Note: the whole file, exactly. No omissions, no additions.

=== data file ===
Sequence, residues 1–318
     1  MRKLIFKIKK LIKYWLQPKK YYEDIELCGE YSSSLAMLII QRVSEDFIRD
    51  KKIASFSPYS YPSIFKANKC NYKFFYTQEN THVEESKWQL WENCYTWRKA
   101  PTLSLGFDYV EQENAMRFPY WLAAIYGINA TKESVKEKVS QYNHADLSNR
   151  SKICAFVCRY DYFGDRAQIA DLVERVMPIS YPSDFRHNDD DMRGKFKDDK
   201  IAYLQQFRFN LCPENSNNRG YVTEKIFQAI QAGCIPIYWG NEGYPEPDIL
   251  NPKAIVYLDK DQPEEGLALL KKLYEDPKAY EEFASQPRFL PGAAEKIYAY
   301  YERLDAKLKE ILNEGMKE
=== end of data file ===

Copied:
Sequence, residues 1–318
     1  MRKLIFKIKK LIKYWLQPKK YYEDIELCGE YSSSLAMLII QRVSEDFIRD
    51  KKIASFSPYS YPSIFKANKC NYKFFYTQEN THVEESKWQL WENCYTWRKA
   101  PTLSLGFDYV EQENAMRFPY WLAAIYGINA TKESVKEKVS QYNHADLSNR
   151  SKICAFVCRY DYFGDRAQIA DLVERVMPIS YPSDFRHNDD DMRGKFKDDK
   201  IAYLQQFRFN LCPENSNNRG YVTEKIFQAI QAGCIPIYWG NEGYPEPDIL
   251  NPKAIVYLDK DQPEEGLALL KKLYEDPKAY EEFASQPRFL PGAAEKIYAY
   301  YERLDAKLKE ILNEGMKE